What is Grafana
Grafana provides a way to create dashboards and visualise data held in time series databases. It has Prometheus as a built-in data source, making this pair of products a natural fit together.
Getting started with the monitor
Building the monitor
The github repository contains the monitoring program, the ibmmq package that links to the core MQ application interface and other prerequisite components.
should pull down the client code and its dependencies. The README file in the root of that package shows how to compile the code, either locally or within a Docker container.
It is convenient to run the monitor program as a queue manager service, automatically started and stopped along with the queue manager.
The source code directory contains an MQSC script to define such a service. In fact, the service definition points at a simple script (also provided) which sets up any necessary environment and builds the command line parameters for the real monitor program. As the last line of the script calls “exec”, the process id of the script is inherited by the monitor program, and the queue manager can then check on the status, and can drive a suitable STOP SERVICE operation during queue manager shutdown.
Edit the MQSC script and the shell script to point at appropriate directories where the programs exist, and where you want to put stdout/stderr. Ensure that the mqm id running the queue manager has permission to access the programs and output files.
The monitor listens for calls from Prometheus on a TCP port. The default port, reserved for this use in the Prometheus list, is 9157. If you want to use a different number, then use the -ibmmq.httpListenPort command parameter.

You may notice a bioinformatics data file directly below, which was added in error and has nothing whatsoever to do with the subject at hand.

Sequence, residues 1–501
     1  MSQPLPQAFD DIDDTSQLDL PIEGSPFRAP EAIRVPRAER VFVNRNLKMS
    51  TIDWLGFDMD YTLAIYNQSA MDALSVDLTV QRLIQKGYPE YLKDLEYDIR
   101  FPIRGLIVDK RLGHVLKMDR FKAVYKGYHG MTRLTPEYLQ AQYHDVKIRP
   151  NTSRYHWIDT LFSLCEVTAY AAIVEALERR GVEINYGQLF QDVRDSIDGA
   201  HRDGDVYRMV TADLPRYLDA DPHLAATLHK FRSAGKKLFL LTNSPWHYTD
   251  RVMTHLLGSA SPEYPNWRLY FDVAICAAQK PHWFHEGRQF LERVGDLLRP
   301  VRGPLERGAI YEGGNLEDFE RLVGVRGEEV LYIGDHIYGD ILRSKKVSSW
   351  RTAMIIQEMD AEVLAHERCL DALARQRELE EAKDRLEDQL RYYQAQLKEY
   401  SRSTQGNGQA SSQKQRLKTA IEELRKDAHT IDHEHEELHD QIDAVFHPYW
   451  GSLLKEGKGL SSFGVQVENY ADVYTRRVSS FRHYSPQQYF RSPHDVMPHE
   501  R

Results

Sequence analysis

The monitor always collects all of the available queue manager-wide metrics. It can also be configured to collect statistics for specific sets of queues. The sets of queues can be given either directly on the command line with the -ibmmq.monitoredQueues flag, or put into a separate file which is also named on the command line, with the -ibmmq.monitoredQueuesFile flag. An example is included in the startup shell script. For example,
starts the monitor to collect the statistics for all queues whose names begin APPA and APPB.
Note on queue patterns
For now, the queue patterns are expanded only at startup of the monitor program. If you want to change the patterns, or new queues are defined that match an existing pattern, the monitor must be restarted with a STOP SERVICE and START SERVICE pair of commands.
The Prometheus server has to know how to contact the MQ monitor. The simplest way is just to add a reference to the monitor in the server’s configuration file. For example, add this block to /etc/prometheus/prometheus.yml with any changes needed for your hostnames and ports.
# Adding a reference to an MQ monitor. All we have to do is
# name the host and port on which the monitor is listening.
# Port 9157 is the reserved default port for the MQ monitor.